A general formulation is obtained which relates the relative change of reflectance observed in a normal-incidence modulated-reflectance experiment to the dielectric properties of the system for laminar configurations consisting of a substrate, ambient, and possible surface dielectric overlayers. The two general types of modulation interactions, perturbation-induced changes of the substrate dielectric function or of the thickness of one of the dielectric layers, are discussed as limiting cases. The modulated-substrate expressions are evaluated numerically for the case of optically thick Ni and Ni–Al203 films on a Ge substrate, typical examples of Schottky-barrier and MOS electroreflectance configurations. It is shown in the latter case that the intrinsic sensitivity obtainable with shot-noise-limited measurement systems is neither enhanced nor impaired for modulation measurements performed in the vicinity of the reflectance minima characteristic of these field-effect configurations, although operation near these minima should be avoided for other reasons. The line-shape evolution observed in reflectance measurements of the exciton polariton is shown to follow naturally from the interference effect of the small dielectric discontinuity within the sample. The approximate integral expression describing the effect of inhomogeneous perturbations is also related to the more-general laminar solution. It is shown that, for small modulations, the integral formulation is equivalent to treating the substrate as being uniform with respect to propagation, but producing a net reflected component of the field, obtained by summing the values at the surface of the reflected components generated at the small dielectric discontinuities between the hypothetical laminations in the limit that the lamination thickness approaches zero.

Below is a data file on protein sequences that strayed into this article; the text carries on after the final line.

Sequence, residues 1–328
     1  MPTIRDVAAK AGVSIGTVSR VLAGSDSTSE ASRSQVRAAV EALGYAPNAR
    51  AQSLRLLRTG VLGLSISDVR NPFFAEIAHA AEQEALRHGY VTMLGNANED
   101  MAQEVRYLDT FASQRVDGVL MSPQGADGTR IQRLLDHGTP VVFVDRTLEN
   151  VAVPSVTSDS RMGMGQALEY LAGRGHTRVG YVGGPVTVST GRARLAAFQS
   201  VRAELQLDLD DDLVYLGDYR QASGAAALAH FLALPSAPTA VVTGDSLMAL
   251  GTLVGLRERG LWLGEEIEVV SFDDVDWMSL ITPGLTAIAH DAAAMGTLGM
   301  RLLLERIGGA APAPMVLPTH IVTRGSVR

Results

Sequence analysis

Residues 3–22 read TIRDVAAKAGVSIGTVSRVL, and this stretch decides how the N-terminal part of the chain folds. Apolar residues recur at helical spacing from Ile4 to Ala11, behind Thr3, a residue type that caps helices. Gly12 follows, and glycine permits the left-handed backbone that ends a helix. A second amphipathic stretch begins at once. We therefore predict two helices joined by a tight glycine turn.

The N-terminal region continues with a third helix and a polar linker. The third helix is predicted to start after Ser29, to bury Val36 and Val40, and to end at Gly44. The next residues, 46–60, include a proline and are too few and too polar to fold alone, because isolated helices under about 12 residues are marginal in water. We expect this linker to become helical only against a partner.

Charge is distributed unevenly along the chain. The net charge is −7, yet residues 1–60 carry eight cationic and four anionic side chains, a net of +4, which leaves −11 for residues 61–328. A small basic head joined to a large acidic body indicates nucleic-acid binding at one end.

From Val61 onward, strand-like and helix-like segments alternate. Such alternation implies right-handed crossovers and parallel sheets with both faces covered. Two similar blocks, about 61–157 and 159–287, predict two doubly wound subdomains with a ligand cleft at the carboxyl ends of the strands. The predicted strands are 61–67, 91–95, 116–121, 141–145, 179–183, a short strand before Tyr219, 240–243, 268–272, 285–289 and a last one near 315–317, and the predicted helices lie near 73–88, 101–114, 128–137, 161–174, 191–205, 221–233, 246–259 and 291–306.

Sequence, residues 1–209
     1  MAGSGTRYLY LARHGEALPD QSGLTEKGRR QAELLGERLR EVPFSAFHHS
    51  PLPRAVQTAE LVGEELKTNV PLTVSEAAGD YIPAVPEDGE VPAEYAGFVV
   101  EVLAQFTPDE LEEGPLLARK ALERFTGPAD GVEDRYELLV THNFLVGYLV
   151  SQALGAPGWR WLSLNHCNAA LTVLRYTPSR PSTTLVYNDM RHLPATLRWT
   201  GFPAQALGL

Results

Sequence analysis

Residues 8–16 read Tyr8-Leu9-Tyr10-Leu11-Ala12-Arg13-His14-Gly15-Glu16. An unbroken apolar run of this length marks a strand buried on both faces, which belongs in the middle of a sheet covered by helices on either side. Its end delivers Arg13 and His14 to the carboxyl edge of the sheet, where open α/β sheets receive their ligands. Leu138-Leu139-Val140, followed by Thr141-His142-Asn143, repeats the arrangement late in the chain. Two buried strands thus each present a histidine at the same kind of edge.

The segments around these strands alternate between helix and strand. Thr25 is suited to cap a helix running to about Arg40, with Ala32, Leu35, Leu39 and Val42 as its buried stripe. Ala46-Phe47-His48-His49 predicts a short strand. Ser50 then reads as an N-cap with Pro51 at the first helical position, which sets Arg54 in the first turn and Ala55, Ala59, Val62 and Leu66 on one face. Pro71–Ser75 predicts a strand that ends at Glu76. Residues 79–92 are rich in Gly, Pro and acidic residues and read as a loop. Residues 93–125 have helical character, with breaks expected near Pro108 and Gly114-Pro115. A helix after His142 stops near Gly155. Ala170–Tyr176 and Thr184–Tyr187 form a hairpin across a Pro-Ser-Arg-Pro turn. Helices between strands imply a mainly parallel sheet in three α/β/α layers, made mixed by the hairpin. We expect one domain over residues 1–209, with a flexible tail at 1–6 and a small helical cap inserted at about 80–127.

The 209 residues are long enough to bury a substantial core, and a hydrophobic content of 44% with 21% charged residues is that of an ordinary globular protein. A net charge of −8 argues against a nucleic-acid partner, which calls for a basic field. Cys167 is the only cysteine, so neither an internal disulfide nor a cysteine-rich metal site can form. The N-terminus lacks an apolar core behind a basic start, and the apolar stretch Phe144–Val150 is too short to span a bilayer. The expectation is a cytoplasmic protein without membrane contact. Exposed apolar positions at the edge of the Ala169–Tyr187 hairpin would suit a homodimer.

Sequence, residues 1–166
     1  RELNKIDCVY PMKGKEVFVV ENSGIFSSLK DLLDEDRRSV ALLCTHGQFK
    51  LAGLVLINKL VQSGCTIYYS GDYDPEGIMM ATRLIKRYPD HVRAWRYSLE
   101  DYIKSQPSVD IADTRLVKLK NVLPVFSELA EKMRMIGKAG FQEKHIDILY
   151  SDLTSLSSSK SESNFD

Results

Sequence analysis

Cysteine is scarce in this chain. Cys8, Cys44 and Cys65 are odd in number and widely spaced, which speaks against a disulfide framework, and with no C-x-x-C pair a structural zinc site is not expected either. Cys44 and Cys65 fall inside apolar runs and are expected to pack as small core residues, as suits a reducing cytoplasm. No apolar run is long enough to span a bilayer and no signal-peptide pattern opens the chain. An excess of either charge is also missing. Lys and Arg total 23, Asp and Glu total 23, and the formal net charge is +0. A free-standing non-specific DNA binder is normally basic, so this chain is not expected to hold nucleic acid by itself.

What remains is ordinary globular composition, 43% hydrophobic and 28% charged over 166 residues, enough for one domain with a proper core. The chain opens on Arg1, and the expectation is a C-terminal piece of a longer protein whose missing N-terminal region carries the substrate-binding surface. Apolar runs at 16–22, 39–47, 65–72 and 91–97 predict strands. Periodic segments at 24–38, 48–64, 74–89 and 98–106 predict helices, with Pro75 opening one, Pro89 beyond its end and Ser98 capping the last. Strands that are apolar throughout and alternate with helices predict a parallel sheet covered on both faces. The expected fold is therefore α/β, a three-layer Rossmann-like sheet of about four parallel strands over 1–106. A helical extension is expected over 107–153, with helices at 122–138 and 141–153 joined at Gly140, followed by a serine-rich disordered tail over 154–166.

© 1973 Optical Society of AmericaFull Article | PDF Article
OSA Recommended Articles
J. Roth and M. J. Dignam
J. Opt. Soc. Am. 63(3) 308-311 (1973)
S. Teitler and B. W. Henvis
J. Opt. Soc. Am. 60(6) 830-834 (1970)
J. Opt. Soc. Am. 63(2) 135-138 (1973)